Our relation to the Government will be seen at once, when it is remembered, in the first place, that we are native-born inhabitants and therefore citizens. That nativity gives citizenship is a doctrine fully recognized by American law and American usage. Its existence, as far as our country is concerned, dates back to the very beginning of the Government. Chancellor Kent gives it full indorsement in these terms: " Citizens, under our Constitution and laws, mean free inhabitants, born within the United States or naturalized by the laws of Congress. If a slave born in the United States be manumitted or otherwise legally discharged from bondage, or if a black man be born within the United States, and born free, he becomes thenceforward a citizen."
But when we urge our citizenship as a reason why we should be allowed to vote, we are very gravely informed that voting and holding office are not essential to citizenship. It is said, women are citizens, and so are minors, but they are neither allowed to vote nor hold office. Why put us in the category and condition of women and minors? Qualified by age, residence, and general attainments,our position is now one of men, and we demand this right prima facie as such. There may be ingenuity in this ambidexterity, but certainly no reason. It is but a crude and inconsistent dogma, injected into American law and American politics by slavery. Its true character, however, becomes more apparent as we progress.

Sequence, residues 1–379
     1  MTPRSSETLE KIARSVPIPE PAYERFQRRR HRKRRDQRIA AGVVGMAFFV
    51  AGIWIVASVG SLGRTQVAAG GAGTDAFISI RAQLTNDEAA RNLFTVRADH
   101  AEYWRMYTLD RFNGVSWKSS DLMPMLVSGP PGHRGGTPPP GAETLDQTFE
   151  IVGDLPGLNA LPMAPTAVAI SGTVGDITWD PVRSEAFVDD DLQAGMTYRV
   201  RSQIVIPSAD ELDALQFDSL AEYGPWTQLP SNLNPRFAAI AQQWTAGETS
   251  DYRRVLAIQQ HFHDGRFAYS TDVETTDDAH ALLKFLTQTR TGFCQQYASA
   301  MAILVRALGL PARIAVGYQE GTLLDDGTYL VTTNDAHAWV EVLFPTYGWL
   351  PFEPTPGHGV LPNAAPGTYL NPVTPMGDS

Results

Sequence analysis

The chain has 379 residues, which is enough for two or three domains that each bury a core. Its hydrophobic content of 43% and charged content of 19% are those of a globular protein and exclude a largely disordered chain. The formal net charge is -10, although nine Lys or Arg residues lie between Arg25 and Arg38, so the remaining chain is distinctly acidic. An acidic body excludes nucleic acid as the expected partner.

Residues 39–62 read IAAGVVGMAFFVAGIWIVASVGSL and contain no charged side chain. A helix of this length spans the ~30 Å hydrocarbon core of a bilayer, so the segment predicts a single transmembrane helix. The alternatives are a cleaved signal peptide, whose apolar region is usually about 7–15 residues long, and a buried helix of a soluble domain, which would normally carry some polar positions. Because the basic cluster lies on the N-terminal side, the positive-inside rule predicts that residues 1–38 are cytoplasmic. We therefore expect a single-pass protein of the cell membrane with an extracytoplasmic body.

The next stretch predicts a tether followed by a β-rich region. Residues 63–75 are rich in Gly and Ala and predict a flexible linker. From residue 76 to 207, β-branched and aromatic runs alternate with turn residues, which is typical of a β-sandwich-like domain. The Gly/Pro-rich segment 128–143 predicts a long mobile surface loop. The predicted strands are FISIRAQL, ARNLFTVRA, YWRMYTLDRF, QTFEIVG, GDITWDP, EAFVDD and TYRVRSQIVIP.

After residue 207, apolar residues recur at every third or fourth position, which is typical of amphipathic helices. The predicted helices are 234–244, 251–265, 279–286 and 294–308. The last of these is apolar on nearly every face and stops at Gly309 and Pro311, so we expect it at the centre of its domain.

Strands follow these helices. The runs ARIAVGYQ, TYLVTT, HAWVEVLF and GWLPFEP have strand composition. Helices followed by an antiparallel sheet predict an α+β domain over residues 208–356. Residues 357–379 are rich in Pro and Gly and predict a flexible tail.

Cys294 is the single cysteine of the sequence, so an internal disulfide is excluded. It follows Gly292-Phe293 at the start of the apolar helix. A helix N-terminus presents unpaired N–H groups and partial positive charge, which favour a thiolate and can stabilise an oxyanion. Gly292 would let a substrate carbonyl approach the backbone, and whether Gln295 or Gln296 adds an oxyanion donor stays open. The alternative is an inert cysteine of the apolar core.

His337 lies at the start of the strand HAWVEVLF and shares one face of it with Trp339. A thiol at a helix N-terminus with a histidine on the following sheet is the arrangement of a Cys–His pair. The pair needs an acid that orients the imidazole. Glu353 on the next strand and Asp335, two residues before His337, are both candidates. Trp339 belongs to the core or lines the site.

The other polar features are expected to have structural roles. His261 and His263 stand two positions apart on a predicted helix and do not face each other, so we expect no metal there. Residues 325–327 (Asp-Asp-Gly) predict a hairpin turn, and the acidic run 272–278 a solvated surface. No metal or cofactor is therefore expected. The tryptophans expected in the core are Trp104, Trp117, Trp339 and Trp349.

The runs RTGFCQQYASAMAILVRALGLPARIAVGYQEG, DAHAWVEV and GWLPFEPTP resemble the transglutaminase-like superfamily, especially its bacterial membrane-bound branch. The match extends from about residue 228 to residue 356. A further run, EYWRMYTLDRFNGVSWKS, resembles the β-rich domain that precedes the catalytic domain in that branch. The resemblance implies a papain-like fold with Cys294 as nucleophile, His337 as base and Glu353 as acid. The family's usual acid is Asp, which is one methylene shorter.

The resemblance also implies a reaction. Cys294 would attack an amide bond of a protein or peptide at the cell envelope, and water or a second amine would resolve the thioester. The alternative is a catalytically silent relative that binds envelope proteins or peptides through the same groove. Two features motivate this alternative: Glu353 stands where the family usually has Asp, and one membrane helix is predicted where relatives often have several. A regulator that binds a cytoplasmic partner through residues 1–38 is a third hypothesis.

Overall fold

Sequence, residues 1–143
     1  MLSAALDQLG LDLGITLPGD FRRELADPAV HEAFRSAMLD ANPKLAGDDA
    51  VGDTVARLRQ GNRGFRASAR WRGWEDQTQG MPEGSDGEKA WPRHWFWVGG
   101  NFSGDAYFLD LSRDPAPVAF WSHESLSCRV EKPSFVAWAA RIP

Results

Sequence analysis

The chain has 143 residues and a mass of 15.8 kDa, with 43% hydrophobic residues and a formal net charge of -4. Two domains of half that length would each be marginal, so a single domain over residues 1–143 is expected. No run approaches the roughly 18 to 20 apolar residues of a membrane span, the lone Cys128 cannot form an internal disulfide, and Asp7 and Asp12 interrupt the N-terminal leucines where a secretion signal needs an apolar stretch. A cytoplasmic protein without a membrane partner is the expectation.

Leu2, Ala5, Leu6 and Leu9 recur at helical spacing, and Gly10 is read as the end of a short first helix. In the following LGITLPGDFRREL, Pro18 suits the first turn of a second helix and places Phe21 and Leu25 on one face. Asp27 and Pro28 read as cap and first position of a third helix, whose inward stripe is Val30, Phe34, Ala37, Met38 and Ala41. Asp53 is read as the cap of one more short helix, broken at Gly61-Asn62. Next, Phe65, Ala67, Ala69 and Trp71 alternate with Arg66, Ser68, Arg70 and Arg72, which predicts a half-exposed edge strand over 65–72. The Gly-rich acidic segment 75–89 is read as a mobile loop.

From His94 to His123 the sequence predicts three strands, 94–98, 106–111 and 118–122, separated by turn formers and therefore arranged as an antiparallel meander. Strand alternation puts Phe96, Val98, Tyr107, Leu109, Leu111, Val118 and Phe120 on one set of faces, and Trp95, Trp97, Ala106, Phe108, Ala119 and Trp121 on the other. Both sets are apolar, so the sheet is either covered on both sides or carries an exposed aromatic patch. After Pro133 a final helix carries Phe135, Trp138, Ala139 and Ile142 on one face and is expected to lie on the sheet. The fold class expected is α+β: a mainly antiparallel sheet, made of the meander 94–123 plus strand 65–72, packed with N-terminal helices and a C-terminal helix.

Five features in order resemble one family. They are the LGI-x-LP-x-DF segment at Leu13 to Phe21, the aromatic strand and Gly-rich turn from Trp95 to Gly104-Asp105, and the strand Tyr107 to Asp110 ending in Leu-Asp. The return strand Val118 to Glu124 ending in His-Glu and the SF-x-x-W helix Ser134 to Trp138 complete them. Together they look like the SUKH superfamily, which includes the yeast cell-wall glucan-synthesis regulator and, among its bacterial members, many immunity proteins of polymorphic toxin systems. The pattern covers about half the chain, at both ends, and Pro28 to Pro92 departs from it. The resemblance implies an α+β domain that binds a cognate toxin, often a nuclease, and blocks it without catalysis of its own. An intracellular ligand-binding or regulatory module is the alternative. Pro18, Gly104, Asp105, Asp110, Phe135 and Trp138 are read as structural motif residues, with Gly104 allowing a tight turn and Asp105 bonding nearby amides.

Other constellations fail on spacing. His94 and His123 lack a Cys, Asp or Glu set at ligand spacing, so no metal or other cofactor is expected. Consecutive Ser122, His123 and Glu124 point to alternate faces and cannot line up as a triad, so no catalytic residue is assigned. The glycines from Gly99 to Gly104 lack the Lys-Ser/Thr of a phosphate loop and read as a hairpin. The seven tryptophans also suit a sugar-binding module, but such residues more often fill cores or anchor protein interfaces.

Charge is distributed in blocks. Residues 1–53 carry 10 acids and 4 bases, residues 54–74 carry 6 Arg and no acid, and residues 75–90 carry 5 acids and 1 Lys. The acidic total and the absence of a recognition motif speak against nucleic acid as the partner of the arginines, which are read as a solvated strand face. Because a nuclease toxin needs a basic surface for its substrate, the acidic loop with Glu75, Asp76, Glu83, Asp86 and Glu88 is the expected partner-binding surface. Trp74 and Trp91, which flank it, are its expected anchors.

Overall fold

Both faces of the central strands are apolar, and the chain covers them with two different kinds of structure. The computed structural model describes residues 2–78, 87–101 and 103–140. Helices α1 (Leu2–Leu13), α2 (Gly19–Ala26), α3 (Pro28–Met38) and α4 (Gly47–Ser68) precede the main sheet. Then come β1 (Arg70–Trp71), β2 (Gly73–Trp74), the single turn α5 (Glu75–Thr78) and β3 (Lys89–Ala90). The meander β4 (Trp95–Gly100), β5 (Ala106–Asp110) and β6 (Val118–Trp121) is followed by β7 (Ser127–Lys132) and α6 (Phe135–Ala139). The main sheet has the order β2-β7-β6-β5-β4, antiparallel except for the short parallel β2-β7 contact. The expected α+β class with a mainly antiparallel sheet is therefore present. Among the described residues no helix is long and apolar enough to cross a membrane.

Our relation to the Government and its duty toward us will be more fully apprehended when we call to mind the fact that we are, and always have been, taxpayers. Nor is the amount of tax we pay to be regarded as trivial and of small account. In proportion to our number, we pay a very handsome and considerable sum. In the State of Ohio, in which, according to the census of 1860, the colored men number only 36,673, over ten millions of dollars are held by them,subject to taxation. In the city of Cincinnati alone they are owners of nearly two million of dollars' worth of personal property and real estate. In the farming districts of the State-in Gallia, Jackson, Pike, Ross, Highland, Franklin, Clark, Shelby, and Mercer counties-the colored men are owners of large farms, Which, in many instances, are well stocked and cultivated according to the most approved methods of agriculture. But the taxes paid by the colored men of Ohio are small, compared with those paid by the same class in the larger and more densely populated States. The taxes of the colored men of the States of New York, Pennsylvania, and Louisiana swell to large, indeed, enormous proportions.
These tax burdens, too, we have met most cheerfully. Never have we excused ourselves, and never have we been excused from them on account of our color or our race. Even when, after payment of them, denial has been made us of any advantage accruing therefrom, on account of our color, they have been levied and paid to the entire satisfaction of the Government.